It’s remarkable how detached from reality this analysis is. Health insurance companies have been rationing care for decades, along with putting corporate beaurocrats between patients and their doctors. Obamacare will make this problem worse, not because it’s some leftist conspiracy, but because it’s founded on right-wing kool-aid drinking principles. The plan not only fails at establishing an alternative to for-profit health care rationing, it guarantees the for-profit medical insurance industry an enormous, endless supply of customers. The idea that government mandated private health insurance as a socialist ideal is breathtaking in it’s stupidity.

  • Cobain

    “Since when is the government in the business of forcing companies to manufacture a product? How can the government regulate how much production they should make, or what the final cost should be?”

    You do realize, I hope, that virtually all pharmaceuticals were and are developed using taxpayer money? Oh sure, drug companies spend some on R&D (although less than they do on marketing). Their R&D puts the last rung on a ladder constructed from medical research financed by government agencies like the NIH. That goes for most medical procedures as well. It’s interesting that free-marketers always fail to bring this up, since it’s a form of reverse socialism. All taxpayers contribute to medical research, but only those with health insurance can fully realize the benefits of that research. An honest free-marketer would call for the abolishment of the the NIH and all government funded medical science research, but then consistent, rational thinking isn’t a trait of free market ideologues.

  • John Kwok

    Jbible –

    Whether McCain should or should not have been the Republican presidential candidate is a decision that isn’t mine, but rather, those fellow Republicans who were active participants in both the primary and national campaigns.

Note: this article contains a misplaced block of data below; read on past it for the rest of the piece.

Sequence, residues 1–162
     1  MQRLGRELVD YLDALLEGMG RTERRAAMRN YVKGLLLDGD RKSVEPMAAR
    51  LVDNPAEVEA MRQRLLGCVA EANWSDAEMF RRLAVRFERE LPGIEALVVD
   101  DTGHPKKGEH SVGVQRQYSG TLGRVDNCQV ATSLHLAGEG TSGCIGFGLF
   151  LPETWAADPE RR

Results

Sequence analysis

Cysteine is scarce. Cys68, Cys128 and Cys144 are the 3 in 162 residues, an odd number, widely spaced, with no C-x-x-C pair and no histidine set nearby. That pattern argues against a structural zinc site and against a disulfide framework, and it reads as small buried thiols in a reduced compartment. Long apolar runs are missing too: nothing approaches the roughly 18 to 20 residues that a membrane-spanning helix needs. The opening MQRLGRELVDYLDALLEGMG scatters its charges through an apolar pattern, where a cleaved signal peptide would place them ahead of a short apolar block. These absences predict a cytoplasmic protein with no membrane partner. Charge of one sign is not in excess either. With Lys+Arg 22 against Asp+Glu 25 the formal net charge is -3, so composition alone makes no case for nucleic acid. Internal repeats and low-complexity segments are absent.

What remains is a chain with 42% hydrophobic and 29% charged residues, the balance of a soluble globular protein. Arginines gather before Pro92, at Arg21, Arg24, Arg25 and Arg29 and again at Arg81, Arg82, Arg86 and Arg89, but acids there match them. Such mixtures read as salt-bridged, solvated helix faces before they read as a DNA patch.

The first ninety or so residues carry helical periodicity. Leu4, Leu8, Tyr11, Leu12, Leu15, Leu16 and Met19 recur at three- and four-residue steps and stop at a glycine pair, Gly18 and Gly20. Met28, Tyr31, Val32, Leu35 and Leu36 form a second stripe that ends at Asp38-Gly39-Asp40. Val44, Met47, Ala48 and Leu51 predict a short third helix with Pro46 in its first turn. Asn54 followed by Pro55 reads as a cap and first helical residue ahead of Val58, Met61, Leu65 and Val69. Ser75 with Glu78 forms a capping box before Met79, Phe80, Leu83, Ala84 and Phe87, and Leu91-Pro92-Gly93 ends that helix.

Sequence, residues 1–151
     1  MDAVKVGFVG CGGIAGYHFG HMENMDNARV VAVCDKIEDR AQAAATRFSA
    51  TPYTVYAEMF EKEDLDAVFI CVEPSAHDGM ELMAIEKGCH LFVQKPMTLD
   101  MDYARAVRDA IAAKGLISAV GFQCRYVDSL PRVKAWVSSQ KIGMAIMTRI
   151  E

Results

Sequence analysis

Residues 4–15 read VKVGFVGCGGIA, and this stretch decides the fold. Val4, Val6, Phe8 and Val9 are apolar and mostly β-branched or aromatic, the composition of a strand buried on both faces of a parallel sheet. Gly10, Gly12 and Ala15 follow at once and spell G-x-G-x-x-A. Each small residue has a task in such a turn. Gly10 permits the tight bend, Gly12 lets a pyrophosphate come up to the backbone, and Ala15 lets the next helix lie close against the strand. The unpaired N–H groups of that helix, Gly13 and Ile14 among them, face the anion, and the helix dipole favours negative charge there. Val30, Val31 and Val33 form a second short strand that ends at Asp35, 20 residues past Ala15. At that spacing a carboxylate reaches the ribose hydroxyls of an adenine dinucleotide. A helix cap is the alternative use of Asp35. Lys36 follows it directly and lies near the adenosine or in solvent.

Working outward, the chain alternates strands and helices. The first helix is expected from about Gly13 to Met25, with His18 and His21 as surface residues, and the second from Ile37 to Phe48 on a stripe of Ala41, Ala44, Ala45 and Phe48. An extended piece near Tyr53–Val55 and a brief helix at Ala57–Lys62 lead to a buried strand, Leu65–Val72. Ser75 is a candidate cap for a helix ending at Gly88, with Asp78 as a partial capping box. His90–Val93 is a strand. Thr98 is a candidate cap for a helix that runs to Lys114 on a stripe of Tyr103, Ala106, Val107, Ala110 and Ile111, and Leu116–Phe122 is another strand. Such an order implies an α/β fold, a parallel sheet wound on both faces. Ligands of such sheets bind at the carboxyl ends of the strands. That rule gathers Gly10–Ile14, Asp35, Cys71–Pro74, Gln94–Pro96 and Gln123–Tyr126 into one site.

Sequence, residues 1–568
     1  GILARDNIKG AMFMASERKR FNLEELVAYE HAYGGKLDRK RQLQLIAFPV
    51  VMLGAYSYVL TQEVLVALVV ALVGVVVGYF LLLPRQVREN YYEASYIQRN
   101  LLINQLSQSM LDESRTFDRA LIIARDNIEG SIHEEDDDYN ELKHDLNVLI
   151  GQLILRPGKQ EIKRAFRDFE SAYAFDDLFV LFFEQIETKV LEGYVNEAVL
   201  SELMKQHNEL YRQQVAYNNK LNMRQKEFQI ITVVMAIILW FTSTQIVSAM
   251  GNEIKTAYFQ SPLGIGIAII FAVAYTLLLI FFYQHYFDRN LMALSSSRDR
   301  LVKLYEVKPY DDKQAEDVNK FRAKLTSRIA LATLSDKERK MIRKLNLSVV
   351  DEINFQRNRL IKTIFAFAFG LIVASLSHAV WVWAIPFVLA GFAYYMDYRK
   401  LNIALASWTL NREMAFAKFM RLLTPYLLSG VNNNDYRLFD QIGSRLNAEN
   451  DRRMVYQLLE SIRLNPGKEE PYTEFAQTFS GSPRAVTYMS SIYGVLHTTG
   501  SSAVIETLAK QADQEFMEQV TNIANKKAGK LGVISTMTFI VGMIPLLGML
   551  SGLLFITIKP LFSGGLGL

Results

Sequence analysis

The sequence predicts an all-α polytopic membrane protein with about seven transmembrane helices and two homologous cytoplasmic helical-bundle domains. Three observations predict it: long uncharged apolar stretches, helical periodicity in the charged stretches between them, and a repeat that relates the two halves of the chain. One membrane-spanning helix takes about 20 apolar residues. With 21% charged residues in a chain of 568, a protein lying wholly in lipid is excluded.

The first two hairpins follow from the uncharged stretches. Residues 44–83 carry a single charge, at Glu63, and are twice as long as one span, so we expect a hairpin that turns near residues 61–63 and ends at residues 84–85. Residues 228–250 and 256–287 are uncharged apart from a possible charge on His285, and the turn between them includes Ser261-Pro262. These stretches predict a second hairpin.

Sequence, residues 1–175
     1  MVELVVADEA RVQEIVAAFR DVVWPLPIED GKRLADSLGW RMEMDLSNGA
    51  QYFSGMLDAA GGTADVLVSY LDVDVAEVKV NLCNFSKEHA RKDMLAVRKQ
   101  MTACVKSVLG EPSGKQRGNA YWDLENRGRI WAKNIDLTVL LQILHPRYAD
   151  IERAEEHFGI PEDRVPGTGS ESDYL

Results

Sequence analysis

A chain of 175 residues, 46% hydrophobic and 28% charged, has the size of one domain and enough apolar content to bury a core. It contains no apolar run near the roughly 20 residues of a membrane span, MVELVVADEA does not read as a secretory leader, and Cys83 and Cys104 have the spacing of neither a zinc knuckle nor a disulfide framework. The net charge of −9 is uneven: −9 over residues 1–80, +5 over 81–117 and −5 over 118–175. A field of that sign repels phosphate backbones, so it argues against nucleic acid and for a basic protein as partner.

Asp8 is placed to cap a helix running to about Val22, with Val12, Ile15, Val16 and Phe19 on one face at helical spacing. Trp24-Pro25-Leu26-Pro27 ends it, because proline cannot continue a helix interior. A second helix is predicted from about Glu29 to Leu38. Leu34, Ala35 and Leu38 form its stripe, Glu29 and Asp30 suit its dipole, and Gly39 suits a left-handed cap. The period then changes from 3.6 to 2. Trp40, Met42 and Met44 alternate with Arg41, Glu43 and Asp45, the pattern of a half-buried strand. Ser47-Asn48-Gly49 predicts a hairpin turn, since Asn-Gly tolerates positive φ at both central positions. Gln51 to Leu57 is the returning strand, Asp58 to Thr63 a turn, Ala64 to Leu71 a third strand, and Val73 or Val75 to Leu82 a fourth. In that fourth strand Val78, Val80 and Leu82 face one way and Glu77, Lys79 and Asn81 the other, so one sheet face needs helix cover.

As for causing “financial problems in the 70’s”, if you are referring to the “Keating Five” scandal – which was in the late 1980s – he was exonerated. Speaking of research, I think you need to do yours.

  • John Kwok

    @ Cobain –

    Speaking of “free-market kool-aid drinkers”, one of them was none other than Charles Darwin, who was inspired by Adam Smith’s thought in conceiving of his “economy of nature”, as noted by noted skeptic Michael Shermer in his “Why Darwin Matters: The Case Against Intelligent Design”.

    As for pharmaceutical R & D, the major companies still invest a lot of their money in that.

    I respectfully submit that your anti-free-market capitalism screed is replete with a lot of the irrational thought I have read that emanates from diehard, lunatic Marxist-Leninist sympathizers who claim that they are genuine Democratic Socialists. Judging from your irrational commentary that borders on hysteria, you’ve demonstrated here that you are most likely one of those sympathizers who cling stubbornly to a failed political philosophy that was soundly rejected in what is now the former Soviet-occupied portions of Europe and Central Asia.